Update: 29 Migrants Dead, 300 Missing in the Mediterranean
The UN refugee agency expressed its shock at new information emerging on the actual scale of the tragedy in the Mediterranean after Monday’s rescue attempts by the Italian Coast Guard. Reports gathered by UNHCR from the Italian Coast Guard and the survivors in Lampedusa now suggest some 300 people are confirmed missing.
They were among migrants and refugees mainly from Sub-Saharan Africa who had left the coast of Libya in four dinghies.
“This is a tragedy on an enormous scale and a stark reminder that more lives could be lost if those seeking safety are left at the mercy of the sea. Saving lives should be our top priority. Europe cannot afford to do too little too late,” said Vincent Cochetel, UNHCR Europe Bureau Director.
Initial reports had suggested some 29 refugees and migrants died on Sunday on one dinghy. More than 110 survivors have landed in Lampedusa, after being rescued by Italian coastguards and a merchant vessel. They confirmed to UNHCR that they had left on Saturday from Libya on rubber dinghies and had been at sea for days, without food and water.
Only two out of 107 passengers survived on the second dinghy, and 7 out of 109 people on the third one. The fourth one was reported to UNHCR by survivors, which is still missing. The youngest of the missing was a 12 year old boy.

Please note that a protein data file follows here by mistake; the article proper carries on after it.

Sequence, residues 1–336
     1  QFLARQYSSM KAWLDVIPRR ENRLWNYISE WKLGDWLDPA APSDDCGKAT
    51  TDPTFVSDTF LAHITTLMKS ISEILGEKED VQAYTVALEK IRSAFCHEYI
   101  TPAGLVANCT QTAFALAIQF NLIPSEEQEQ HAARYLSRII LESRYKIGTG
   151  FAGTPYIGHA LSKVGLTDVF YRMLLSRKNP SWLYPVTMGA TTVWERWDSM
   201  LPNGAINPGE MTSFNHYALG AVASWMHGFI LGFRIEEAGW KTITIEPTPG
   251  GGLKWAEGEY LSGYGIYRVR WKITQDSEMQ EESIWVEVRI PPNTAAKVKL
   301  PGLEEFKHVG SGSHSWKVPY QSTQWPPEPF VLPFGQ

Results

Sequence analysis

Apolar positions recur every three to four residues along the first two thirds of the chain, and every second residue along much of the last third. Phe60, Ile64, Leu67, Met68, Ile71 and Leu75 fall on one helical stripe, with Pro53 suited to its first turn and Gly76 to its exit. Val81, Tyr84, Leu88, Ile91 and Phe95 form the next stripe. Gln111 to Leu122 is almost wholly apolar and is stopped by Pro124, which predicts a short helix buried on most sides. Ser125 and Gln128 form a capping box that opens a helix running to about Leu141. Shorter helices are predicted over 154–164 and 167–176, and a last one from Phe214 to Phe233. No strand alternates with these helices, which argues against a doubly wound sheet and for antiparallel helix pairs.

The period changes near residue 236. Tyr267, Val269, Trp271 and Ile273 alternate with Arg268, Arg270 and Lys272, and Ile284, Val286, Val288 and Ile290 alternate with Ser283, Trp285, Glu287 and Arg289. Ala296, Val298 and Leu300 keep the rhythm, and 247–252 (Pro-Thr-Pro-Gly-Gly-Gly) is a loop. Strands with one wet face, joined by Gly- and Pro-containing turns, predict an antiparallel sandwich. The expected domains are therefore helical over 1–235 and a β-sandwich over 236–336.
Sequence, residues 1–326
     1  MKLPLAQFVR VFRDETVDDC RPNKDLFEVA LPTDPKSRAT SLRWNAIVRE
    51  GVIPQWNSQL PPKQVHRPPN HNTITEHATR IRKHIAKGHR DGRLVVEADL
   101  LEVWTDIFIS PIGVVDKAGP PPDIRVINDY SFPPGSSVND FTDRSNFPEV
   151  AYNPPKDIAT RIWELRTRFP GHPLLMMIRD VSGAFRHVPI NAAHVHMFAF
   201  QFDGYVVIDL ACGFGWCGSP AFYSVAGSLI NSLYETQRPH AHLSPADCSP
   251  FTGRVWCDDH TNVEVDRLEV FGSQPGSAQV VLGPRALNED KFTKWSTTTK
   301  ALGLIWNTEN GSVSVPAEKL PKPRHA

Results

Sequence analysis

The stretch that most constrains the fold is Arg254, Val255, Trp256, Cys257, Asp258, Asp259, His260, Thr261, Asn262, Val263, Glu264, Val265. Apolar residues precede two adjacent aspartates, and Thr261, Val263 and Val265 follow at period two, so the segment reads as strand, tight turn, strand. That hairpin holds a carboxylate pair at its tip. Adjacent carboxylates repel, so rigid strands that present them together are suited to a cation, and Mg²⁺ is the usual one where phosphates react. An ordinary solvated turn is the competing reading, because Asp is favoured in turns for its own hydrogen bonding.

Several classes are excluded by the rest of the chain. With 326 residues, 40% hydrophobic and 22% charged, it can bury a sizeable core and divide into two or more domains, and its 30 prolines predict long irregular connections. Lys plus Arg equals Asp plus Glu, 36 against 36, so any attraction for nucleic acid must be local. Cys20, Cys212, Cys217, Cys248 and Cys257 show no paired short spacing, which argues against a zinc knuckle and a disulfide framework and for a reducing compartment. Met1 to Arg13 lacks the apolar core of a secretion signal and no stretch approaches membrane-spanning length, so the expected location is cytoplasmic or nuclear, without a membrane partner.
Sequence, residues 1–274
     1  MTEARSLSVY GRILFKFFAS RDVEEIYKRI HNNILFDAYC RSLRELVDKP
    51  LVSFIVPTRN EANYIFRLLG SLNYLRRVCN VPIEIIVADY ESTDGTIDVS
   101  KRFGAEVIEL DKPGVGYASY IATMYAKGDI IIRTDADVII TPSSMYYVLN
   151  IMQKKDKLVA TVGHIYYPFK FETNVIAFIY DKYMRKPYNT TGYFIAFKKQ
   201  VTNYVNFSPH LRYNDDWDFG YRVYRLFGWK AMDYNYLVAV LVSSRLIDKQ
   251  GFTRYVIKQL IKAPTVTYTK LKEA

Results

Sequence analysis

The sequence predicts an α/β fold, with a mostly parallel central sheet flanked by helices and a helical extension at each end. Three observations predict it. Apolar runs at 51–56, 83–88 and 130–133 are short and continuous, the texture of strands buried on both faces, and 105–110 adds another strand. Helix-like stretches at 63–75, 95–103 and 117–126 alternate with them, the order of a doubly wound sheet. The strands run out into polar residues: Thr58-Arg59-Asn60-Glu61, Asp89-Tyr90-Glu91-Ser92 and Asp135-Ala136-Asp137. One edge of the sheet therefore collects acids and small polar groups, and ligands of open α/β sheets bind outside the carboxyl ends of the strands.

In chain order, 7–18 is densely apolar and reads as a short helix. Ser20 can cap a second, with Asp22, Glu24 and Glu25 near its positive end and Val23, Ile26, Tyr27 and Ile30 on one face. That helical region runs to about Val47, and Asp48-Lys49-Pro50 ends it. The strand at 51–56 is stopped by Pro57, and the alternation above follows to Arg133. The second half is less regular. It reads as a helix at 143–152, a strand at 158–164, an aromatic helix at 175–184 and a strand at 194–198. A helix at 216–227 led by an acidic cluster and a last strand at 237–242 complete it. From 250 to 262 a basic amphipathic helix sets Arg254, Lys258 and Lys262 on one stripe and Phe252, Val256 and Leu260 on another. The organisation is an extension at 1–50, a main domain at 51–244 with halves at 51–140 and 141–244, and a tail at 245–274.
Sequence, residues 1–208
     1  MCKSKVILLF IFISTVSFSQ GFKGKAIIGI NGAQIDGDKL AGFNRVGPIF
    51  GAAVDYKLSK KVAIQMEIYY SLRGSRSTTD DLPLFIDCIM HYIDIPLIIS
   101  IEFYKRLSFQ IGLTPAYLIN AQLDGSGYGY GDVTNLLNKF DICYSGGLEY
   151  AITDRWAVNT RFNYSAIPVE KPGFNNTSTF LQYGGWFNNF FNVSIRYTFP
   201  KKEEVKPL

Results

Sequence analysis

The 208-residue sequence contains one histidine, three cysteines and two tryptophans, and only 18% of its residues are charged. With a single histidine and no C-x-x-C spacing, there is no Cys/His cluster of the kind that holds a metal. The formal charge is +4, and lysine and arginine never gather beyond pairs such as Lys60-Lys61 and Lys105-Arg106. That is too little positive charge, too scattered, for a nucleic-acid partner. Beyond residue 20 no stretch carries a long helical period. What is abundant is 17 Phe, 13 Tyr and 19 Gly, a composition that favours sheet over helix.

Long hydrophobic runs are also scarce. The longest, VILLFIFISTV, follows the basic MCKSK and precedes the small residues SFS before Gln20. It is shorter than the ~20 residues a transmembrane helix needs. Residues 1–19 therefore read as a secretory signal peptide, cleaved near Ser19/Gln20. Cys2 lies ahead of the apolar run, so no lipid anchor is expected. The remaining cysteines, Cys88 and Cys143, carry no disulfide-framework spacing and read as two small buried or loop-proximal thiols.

UNHCR has warned that Europe’s Triton operation, which is run by the European border protection agency Frontex, is not focused on search and rescue and is not providing the necessary tools to cope with the scale of the crises. Saving lives must be a priority for the European Union, UNHCR says.
The Mayor of the Italian island of Lampedusa Giusi Nicolini also blamed the termination of the Mare Nostrum project for the deaths of the migrants found on the dinghies. The project ban disallowed Italy’s Navy ships from participating in search-and-rescue missions and from keeping large numbers of migrants on board.
”The small patrol boats were completely swallowed by the waves during the trip back. If Mare Nostrum were still going, the migrants would have been given shelter inside a large ship within an hour,” Nicolini told Reuters.
At least 218,000 people, including both migrants and refugees have crossed the Mediterranean in 2014 and this trend is expected to continue in 2015.